Monday, August 30, 2010

I'm not really sure where this post is going, but it clearly suggests I was Catholic in another life

My patience has been far too short lately. Is this what it's always like, raising an almost-four-year-old? When does the LISTENING start? When will my child actually take in something I say, think about it, and do what I FRACKIN' WANT HIM TO DO?!?!? I know, I know, it's the age. But it's not just the age, it's my reaction to this age's quirks and foibles and DIFFICULTIES. I yell. I pout and hold grudges. I even (and oh, I hate to admit this) spank on occasion. I do not BELIEVE in spanking. I think hitting your child (and oh yes, spanking is a type of hitting) only teaches THEM to hit. Not exactly what I want to encourage, you know? But yet, I have been so at my wits end that I HAVE DONE IT.

And I hate all of it. The yelling, the frustration, the repeating myself 15 times, the threats... the spanking.

I need a fresh start, a new approach. I need something more than "offer him choices" and "Have you read 1-2-3 Magic?" (Yes, I HAVE).

Tonight was a typical night, where trouble came from many minor areas that all served to push my mildly frustrated mood into a simmering, pouty, doom-and-gloom mood. Lucy was crying when I arrived to pick her up from daycare, and her teacher gave me the stink eye about her runny nose and cough. Finn was irate when I offered him yogurt-covered cranberries and chocolate-covered raisins as a snack, because WHERE ARE THE YOGURT-COVERED RAISINS? Lucy threw food during dinner, and Finn pulled a post-bedtime story poop fake-out to prolong his bedtime. Nothing out of the ordinary, but yet I couldn't help feeling inappropriately terrible.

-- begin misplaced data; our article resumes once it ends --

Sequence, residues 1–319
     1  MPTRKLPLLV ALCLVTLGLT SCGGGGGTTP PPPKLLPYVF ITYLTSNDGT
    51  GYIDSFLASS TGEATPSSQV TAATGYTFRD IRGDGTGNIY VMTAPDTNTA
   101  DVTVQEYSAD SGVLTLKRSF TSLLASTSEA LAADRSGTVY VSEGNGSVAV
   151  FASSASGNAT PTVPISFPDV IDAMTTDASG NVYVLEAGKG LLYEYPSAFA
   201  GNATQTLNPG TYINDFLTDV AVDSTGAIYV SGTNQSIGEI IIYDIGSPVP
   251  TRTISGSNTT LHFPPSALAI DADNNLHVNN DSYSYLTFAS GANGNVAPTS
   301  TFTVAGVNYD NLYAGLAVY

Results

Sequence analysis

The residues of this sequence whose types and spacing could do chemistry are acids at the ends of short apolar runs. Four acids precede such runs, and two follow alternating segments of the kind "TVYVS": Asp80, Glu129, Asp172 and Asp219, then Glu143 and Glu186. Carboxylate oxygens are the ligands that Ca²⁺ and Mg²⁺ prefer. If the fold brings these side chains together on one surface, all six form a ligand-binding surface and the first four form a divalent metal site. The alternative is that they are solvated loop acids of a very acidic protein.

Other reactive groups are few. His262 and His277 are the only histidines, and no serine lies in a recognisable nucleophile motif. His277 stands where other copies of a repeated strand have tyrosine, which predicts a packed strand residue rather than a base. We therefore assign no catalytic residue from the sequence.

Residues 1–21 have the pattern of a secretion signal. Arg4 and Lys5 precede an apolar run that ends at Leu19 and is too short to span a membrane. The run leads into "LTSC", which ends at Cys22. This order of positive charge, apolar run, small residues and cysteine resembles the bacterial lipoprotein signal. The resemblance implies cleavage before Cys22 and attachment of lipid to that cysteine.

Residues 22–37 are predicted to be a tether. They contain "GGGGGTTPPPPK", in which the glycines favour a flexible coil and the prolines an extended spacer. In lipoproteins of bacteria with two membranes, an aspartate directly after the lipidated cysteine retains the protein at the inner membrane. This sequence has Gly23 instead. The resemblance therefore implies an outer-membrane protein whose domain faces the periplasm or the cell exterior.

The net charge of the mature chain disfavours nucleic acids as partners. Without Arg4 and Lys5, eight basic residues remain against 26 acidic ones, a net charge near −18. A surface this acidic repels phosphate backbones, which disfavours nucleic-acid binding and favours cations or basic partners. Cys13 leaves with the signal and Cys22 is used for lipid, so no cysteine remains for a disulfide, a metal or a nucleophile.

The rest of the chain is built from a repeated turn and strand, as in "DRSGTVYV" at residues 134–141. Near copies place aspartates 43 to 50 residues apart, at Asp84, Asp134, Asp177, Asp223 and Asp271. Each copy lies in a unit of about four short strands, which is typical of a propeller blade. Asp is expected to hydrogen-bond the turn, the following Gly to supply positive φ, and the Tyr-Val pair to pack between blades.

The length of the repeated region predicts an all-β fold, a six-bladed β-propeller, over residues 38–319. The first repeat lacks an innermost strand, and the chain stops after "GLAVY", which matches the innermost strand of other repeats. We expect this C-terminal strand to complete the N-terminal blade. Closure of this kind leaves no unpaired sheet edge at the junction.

As I picked up the house with M. (cleaning lady comes tomorrow), my simmering and seething began to focus on daycare. And I realized (tonight, at least) that it's not really the kids that were driving me crazy. It's my feeling (again) that we may not have them at the right daycare. The school is having a few staff changes - one teacher leaving, a shuffle to accommodate - and... I'm just not sure. I'm not sure I like the arrangements. I'm not sure these people are really qualified. And even if they are, I'm not sure I like that I'm even questioning whether they are qualified.

I plan to ask questions. I hope I like the answers, because there are many things I DO like about our daycare. But I'm getting tired of not feeling sure. Of feeling guilty.

As I thought even more about this though, I came to a second realization - that maybe guilt is the real culprit of my awful, no good, terrible evening. It's not the kids (even though it is), and it's not daycare (even though it is that, too). Mostly, I think my bad mood is coming from a conversation I had at work today. And the more I think about it, the more I have trouble believing that it actually occurred.

I was speaking to a group of women at work, all of us with kids of varying ages - some grown and struggling to find their way post-college, some starting grade school, and me with my little ones in daycare. The conversation was pleasant and nice and relatable and all the things you might think such a conversation would be among friendly women who get along. Then one woman told me a story that took me aback. She is recently back to work after taking several years off to raise her children. Her youngest child just started kindergarten last week, but she herself started back to work about 6 months ago. So during the late spring and summer, this woman enrolled her child in a preschool/daycare until kindergarten began. And one day, when she pulled up to daycare in her car, her daughter saw a baby being taken in to the school. She asked her mom what a baby was doing going to a preschool, and her mom told her that some women go back to work right after having a baby, and the daycare takes care of the babies for the mommies during the day. And her daughter replied, "Oh mommy, I'm so GLAD you stayed home with me, thank you!"

Now, I'm not begrudging this woman the appreciation she must have felt when her daughter said this. I'm sure it was very heartwarming for her. But this struck me as a very insensitive story to tell someone who did NOT stay home with her babies, who in fact still considers her children (or at least one of them) to be babies and IS NOT home with them. I have to admit, I felt a bit judged. OK, more than a bit judged, if I'm being honest; it stung.